(MENAFN - Jordan Times)
MINSK — Scattered groups of protesters in Belarus on Thursday tried to breathe life into a movement against President Alexander Lukashenko that fizzled out in the face of a severe crackdown.
The authorities responded by moving military vehicles into the centre of the capital Minsk, according to videos circulating on social media and published by local media, and detaining activists, rights groups reported. Rallies erupted in the ex-Soviet country last August after Lukashenko claimed a sixth term in a vote the opposition and Western diplomats said was rigged.
But a sustained police crackdown saw weekly mass demonstrations in city centres peter out by the end of the year, with thousands of protesters detained and several killed.
The opposition has since changed tactics, calling for supporters to gather in small groups in every district.
The Nexta Telegram channel, which has mobilised and coordinated demonstrations, urged protesters to march through courtyards and organise flash mobs on Thursday.
Images published by local media showed small groups marching through Minsk waving red-and-white flags -- a symbol of the Belarus opposition -- and official red-and-green flags draped over state buildings. The Viasna human rights group said that as of 6 pm (15:00 GMT) police had detained at least 20 activists nationwide.
Nexta also called on drivers across the country to sound their horns at 6:30 pm and for a nationwide firework salute to end the day at 9:00 pm. "We want to declare March 25 the day when the cities are ours!" Nexta wrote. 'Belarus we deserve'
The resumption of the protests coincides with Freedom Day in Belarus, which the opposition marks each year on the anniversary of a declaration of independence in 1918.
Officials have said the planned protests are illegal and moved to crack down on dissent this week, accusing a group representing Polish people in Belarus of stirring up racial hatred and the "rehabilitation of Nazism". On Wednesday, the head of the Union of Poles in Belarus, Anzhelika Boris, was arrested and sentenced to 15 days in prison.
Police on Thursday then searched the group's offices, the homes of its activists and at least one Polish school, and detained board member Andrzej Poczobut.
In a statement Thursday EU foreign policy chief Josep Borrell called on Belarus to release the group's members "along with all political prisoners currently detained".
Belarus's relations with Poland deteriorated after the EU member sheltered activists -- including the coordinators of Nexta -- who fled across the border to escape the crackdown.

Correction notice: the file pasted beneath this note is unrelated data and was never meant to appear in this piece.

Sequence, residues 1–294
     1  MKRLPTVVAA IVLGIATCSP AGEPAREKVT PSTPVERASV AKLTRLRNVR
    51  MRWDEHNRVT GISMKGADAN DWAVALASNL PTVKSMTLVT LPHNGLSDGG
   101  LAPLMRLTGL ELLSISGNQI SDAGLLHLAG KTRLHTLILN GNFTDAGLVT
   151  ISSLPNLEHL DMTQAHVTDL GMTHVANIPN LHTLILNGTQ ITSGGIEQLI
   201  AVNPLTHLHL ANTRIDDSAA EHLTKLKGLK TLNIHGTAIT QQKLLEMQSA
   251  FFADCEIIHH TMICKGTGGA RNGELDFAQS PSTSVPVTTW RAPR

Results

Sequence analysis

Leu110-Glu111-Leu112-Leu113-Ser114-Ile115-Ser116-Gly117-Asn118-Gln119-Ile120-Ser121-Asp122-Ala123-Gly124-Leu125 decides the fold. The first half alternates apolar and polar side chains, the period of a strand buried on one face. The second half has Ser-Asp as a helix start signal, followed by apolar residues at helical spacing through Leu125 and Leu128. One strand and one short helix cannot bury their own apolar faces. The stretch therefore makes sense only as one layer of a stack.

Other critics, including opposition leader Svetlana Tikhanovskaya, fled to Lithuania after the August vote.
She has since lobbied Western governments to support her call for new elections in a country ruled by Lukashenko since 1994.
"I wish for all of us to meet next March 25 in the Belarus we deserve -- in a country where the law is respected, rights are respected and the people are respected," Tikhanovskaya wrote on her Telegram channel Thursday. Western governments have slapped sanctions on Lukashenko and his allies and say political novice Tikhanovskaya was the true winner of the vote. 'Second wave'
EU Baltic states Lithuania, Latvia and Estonia on Thursday expanded sanctions against Belarus by imposing travel bans on more than 100 officials. "The regime's supporters must realise that the response to the brutal use of force against peaceful citizens will be very strict and clear," Lithuanian Foreign Minister Gabrielius Landsbergis said in a statement. Lukashenko, backed by Russian President Vladimir Putin, has claimed to have overcome a revolution directed by the West. More than 400 people have been given lengthy jail terms over the protests. The crackdown has instilled fear and dampened risk-taking even in those "very keen on changes", said Alexander Klaskovsky, a Belarusian political scientist.
Nexta has also called for mass protests on Saturday, casting it as "the day we start the second wave of street protests".
"Get ready to return to your city centres," Nexta wrote.
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